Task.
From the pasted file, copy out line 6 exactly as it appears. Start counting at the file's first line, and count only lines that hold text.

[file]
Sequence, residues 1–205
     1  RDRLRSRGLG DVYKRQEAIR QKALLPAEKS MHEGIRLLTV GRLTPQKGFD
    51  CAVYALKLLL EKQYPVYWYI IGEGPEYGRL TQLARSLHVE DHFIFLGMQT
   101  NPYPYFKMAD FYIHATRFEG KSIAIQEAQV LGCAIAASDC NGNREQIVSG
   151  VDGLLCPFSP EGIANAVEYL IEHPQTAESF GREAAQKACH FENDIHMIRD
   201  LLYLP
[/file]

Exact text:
   201  LLYLP